We find a very interesting machlokes in this matter. HaGaon Rav Pinchas Epstein ztz”l of Yerushalyim held that one must relinquish one’s candle for the sake of the pikuach nefesh and thus one’s friend will not have to violate the Shabbos. He goes further and says that one must try and obtain a candle, hot water etc. from one’s neighbor even though the neighbor will be left without hot water or will have to sit in the dark.

On the other hand, HaGaon Rav Shlomo Zalman Auerbach ztz”l held [2] that since the person dealing with the pikuach nefesh is obliged and permitted to light a candle for the sake of pikuach nefesh, the neighbor does not have to relinquish a candle and thus be left sitting in the dark.

HaGaon Rav Moshe Sternbuch shlita learns [3] that indeed one need not wake one’s neighbor or call upon him to relinquish his candle, but if the neighbor is aware of the pikuach nefesh he is obliged to relinquish his candle even though he is not involved.

It is very nice that we now know that there is a machlokes, what is one supposed to do?

It is not for us, especially through this medium, to pasken on such a heavy issue, rather it is up to the rabbonim to give shiurim in hilchos Shabbos and to teach these matters. Our purpose in these shiurim is to heighten your awareness and thus enable you to ask the right questions beforehand, should the need arise.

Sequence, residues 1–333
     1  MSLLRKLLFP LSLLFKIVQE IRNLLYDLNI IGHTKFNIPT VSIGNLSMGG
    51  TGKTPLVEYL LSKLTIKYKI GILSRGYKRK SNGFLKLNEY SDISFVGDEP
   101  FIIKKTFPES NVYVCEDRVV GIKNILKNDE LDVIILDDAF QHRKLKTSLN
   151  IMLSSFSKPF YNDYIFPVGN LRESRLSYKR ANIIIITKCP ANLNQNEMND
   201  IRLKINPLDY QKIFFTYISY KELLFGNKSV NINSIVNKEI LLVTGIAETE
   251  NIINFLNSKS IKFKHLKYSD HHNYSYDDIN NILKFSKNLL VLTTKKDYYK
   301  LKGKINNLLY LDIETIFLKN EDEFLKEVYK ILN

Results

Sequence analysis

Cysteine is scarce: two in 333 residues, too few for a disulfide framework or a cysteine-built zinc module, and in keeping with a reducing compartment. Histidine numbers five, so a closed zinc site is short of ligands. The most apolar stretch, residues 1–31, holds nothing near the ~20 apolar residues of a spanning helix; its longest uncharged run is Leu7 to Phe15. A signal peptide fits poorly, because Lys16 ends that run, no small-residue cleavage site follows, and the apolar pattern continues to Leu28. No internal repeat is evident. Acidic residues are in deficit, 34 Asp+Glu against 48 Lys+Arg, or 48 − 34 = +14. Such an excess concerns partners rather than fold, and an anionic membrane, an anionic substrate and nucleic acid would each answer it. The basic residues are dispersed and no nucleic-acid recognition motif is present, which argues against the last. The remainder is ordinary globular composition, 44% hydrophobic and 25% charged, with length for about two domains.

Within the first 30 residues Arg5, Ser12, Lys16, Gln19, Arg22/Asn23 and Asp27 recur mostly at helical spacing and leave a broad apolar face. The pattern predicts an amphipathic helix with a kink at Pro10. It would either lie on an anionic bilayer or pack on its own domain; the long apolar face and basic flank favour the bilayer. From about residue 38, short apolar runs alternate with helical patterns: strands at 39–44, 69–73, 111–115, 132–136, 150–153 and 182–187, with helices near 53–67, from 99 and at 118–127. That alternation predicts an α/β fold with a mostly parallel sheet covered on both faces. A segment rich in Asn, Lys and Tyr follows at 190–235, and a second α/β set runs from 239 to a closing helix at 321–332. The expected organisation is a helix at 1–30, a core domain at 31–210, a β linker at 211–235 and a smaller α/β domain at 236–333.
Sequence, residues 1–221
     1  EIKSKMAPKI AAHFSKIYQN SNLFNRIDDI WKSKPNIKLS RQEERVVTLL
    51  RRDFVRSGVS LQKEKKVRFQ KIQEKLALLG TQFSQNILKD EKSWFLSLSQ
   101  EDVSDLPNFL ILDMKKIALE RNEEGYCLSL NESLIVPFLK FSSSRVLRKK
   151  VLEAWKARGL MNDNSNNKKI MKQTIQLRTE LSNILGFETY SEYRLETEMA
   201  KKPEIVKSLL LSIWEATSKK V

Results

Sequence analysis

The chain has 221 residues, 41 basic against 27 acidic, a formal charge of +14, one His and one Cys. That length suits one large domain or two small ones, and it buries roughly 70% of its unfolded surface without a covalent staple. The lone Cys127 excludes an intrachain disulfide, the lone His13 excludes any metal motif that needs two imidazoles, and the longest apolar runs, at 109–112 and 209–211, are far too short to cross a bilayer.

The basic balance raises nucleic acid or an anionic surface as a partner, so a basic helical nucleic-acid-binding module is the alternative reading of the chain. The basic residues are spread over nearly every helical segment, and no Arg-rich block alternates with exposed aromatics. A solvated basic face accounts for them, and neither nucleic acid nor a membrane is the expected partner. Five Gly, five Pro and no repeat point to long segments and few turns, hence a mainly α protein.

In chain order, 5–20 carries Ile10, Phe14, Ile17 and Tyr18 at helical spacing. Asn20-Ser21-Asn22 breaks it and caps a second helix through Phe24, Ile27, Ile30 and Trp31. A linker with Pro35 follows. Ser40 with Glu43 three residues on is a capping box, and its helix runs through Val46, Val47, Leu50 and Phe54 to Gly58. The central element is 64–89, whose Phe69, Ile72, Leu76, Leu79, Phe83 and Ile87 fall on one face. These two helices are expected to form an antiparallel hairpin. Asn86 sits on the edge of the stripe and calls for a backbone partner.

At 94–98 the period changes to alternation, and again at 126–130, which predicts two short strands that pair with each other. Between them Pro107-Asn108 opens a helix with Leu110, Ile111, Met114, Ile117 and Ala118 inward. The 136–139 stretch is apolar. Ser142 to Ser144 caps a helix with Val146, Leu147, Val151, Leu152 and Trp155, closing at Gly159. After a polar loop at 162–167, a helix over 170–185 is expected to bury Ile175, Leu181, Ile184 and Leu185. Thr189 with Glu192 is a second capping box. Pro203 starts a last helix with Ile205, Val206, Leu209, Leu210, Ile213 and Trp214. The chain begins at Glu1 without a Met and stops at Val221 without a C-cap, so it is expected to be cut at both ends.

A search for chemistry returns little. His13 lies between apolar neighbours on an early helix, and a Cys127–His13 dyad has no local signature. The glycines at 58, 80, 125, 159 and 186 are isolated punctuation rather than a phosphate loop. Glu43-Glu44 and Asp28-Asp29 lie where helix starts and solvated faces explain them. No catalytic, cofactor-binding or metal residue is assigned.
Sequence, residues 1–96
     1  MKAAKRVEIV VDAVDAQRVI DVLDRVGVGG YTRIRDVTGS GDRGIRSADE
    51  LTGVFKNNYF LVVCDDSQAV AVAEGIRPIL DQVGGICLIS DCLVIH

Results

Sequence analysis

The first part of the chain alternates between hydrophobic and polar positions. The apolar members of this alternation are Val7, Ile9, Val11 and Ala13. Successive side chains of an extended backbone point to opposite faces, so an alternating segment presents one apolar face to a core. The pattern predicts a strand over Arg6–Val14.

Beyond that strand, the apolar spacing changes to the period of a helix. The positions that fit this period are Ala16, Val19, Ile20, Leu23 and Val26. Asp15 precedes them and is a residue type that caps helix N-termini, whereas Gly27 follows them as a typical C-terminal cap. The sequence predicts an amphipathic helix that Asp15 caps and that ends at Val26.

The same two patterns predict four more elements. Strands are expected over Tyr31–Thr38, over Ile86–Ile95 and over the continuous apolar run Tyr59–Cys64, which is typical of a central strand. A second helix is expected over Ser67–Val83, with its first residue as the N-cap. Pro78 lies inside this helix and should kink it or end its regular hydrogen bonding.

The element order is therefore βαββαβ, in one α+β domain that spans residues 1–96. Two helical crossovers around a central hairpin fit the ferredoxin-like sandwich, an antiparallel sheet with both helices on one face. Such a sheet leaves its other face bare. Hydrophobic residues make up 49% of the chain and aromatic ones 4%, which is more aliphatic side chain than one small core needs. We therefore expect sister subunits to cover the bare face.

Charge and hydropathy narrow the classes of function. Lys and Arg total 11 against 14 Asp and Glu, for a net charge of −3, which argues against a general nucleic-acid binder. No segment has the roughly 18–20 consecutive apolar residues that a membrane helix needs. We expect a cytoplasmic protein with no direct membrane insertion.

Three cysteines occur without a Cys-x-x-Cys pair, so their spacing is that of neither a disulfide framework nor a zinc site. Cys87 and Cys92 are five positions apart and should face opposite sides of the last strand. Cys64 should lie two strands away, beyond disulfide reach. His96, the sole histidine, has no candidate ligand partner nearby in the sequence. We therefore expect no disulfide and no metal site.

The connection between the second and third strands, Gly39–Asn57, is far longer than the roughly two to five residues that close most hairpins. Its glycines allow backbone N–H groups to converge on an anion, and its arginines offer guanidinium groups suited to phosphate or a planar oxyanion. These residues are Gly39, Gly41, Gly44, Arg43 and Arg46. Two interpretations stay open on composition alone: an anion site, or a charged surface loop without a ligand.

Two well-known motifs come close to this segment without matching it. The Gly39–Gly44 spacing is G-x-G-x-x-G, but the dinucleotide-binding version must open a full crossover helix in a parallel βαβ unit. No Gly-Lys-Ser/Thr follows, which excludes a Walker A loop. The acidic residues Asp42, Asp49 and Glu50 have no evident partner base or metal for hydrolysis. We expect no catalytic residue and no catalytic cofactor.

Can you apply the above to the car?

According to the above it is a machlokes whether one should approach one’s neighbor for his car. Even if the neighbor is approached, there is reason to believe that the neighbor need not provide his car when he will incur a loss, because the person dealing with the pikuach nefesh can call an ambulance service.

This refers only to a Jewish driven ambulance but a gentile ambulance service is preferable to driving a car when, as explained in previous shiurim, provided there is ample time to reach the hospital without endangering the patient in any way.

Is the above not superfluous, when after all it is a case of pikuach nefesh and one must be as quick as possible?